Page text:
The financial threat for retailers is significant. Mitigating the risk is difficult, but refund tracking and limiting reasons for allowable refunds can reduce the impact.

Fraud as a service

Today, those who wish to commit refund fraud but don't want to go through the trouble of initiating the refund with customer service can have someone do the dirty work for them. Cyber criminals post refund services on online forums or social media, listing companies they can guarantee refunds for. Once the retailer initiates the refund, the cardholder pays the fraudster a fee for the service.

Steps for fighting this type of fraud are limited but can be approached in a similar manner as chargeback fraud by tracking refunds and limiting reasons for allowable refunds.

Secondary market fraud

Some fraudsters will scour liquidated or heavily discounted goods from a secondary market source, then initiate a return for full retail value with the e-commerce retailer.

Practices like monitoring inventory and return levels can help reduce the risk of secondary market fraud.

Streamlining the return process

When the return process is optimized, the risk of fraud diminishes. Moreover, creating a positive return experience can improve brand loyalty. However, Zander warns, it is highly unlikely that a retailer will be able to reduce theft to 0% or increase brand loyalty to 100%. Instead, he says, retailers should seek to find the right balance and take steps to reduce theft and increase brand loyalty as much as possible.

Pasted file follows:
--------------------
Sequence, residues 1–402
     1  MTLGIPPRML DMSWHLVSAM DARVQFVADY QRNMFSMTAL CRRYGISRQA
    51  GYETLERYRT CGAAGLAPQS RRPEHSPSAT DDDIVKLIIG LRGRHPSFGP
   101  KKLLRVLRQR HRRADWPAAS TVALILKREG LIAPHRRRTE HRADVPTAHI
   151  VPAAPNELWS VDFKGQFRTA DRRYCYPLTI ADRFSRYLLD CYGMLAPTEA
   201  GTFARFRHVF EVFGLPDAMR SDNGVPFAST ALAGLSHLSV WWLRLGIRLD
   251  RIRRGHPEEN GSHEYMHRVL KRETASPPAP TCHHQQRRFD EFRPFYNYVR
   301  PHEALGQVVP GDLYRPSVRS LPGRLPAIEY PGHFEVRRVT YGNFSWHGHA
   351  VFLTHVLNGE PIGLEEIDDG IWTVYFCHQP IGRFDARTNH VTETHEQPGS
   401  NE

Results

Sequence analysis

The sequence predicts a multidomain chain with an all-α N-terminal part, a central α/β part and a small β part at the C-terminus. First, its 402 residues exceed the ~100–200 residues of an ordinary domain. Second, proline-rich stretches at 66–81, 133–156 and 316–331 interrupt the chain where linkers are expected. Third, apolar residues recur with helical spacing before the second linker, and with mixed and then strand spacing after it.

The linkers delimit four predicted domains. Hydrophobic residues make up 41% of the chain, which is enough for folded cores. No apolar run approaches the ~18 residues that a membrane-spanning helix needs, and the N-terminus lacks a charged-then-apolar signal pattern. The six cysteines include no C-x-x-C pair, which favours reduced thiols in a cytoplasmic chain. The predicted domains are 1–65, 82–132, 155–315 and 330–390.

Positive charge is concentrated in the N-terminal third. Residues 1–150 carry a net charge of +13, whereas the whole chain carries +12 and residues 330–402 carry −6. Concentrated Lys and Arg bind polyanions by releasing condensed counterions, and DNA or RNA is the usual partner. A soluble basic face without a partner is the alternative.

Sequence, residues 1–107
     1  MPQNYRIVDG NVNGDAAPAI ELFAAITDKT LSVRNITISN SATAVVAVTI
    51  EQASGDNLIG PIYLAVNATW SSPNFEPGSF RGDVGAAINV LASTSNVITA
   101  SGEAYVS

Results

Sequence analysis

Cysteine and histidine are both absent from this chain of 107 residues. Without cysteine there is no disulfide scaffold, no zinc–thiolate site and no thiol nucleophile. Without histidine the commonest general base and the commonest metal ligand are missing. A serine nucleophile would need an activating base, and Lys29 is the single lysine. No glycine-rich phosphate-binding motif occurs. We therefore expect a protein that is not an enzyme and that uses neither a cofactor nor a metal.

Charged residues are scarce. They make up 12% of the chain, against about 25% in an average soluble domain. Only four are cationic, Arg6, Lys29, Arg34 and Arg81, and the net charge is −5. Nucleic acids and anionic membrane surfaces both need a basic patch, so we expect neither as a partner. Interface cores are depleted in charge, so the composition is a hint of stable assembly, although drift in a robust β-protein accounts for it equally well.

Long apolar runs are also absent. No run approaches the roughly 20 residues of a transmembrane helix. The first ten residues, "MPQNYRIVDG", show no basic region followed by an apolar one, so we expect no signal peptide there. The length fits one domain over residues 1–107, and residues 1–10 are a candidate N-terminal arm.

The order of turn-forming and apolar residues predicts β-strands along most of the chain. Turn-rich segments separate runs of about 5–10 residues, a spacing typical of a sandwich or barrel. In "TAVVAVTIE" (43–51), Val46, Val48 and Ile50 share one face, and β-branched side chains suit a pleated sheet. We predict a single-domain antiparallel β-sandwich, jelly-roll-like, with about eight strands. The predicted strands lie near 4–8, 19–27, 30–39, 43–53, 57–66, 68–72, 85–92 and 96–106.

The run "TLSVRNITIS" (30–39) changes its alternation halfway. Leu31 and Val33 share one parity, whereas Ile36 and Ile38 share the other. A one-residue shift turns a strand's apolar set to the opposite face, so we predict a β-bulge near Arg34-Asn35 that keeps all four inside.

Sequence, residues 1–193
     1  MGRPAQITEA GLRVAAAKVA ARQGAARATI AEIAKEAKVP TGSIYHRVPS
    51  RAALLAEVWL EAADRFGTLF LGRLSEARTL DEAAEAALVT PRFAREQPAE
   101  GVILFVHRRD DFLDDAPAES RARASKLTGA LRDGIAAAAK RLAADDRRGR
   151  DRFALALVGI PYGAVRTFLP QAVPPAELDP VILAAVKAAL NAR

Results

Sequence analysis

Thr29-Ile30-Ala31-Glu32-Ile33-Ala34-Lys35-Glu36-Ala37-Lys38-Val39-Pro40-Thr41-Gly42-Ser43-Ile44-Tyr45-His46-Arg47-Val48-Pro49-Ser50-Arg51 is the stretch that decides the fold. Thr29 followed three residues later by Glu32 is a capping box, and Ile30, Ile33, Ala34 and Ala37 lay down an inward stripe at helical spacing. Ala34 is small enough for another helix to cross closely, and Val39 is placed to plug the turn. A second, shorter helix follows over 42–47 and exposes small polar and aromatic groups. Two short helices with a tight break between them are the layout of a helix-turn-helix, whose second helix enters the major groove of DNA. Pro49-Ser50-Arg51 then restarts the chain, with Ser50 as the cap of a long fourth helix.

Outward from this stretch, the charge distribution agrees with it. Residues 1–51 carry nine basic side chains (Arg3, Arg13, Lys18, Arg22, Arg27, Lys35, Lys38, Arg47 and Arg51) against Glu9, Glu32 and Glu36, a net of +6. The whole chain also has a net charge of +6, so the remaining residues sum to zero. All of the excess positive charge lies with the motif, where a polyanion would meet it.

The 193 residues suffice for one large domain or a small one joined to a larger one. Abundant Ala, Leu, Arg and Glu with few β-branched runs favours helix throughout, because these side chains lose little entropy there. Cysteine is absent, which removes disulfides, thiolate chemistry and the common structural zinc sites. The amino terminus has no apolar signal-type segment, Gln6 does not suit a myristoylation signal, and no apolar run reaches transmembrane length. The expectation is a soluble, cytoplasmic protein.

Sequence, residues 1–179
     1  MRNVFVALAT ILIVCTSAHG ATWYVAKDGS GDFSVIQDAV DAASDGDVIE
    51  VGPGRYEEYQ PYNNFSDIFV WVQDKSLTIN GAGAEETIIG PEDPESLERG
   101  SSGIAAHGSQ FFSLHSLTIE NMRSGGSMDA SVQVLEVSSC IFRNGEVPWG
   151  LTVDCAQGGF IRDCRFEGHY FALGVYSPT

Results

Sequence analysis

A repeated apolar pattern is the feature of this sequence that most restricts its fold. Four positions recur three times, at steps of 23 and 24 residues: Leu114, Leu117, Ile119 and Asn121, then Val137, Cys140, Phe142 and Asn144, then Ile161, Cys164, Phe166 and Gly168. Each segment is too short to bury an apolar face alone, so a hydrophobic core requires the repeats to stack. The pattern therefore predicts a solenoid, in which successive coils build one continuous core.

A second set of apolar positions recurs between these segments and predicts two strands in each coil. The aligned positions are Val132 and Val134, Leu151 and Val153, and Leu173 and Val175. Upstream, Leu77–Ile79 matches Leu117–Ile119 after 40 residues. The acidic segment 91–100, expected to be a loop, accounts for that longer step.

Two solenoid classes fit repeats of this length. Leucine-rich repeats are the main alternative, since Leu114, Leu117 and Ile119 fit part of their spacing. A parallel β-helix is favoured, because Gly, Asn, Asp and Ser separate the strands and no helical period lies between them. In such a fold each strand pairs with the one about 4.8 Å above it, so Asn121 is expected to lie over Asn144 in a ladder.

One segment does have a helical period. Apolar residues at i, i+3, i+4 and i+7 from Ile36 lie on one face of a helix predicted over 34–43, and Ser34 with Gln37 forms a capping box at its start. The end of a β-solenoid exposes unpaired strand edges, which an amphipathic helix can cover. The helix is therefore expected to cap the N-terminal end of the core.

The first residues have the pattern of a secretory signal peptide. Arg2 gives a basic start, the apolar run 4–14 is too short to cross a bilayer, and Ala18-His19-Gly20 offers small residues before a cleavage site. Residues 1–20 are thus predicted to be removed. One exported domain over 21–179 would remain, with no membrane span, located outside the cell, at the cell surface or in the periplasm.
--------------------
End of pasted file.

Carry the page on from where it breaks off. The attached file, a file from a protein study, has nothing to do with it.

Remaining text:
"I can see a system in place whereby customers process their own returns," he says. In this scenario, a customer would scan their mobile app on a dedicated self-checkout system. Such a system would be positioned to prevent customers from entering into the main part of the store and picking up items from the existing shelves to return. When items are scanned, a cross-reference would occur to verify that the customer purchased the item previously. Items would be left in a dedicated area and the customer is monitored to ensure they leave empty-handed.

For e-commerce, revisiting (and perhaps hardening) return policies is necessary. In some cases, retailers may want to adjust when refunds are issued. As long as the customer experience isn't drastically affected, avoiding issuing refunds too early can help catch fraudulent claims in action.

Other practical streamlining strategies for e-commerce include identifying repeat offenders and putting an escalation process in place for refund request calls to be routed to a trained fraud team member.

Why invest in fraud prevention

The PricewaterhouseCoopers Global Economic Crime and Fraud Survey 2020 reports that consumer fraud, committed by or against consumers, is at the top of the list of global economic crimes. In fact, 47% of companies surveyed suffered from fraud in the past two years.

For most business decision-makers, the risks dictate that investing in fraud prevention is prudent. According to Zander, it's as simple as asking the following questions:

  • How would a fraud incident affect our brand?
  • What's the value of trust? Isn't it the basis of our revenue-generating capacity?
  • Can we afford to suffer from a publicized data breach or fraud?

"In that context, the business case becomes much more compelling," Zander says. Not only can you prevent revenue erosion caused by fraud incidents, but you can continue to drive long-term trust and brand loyalty among your customers.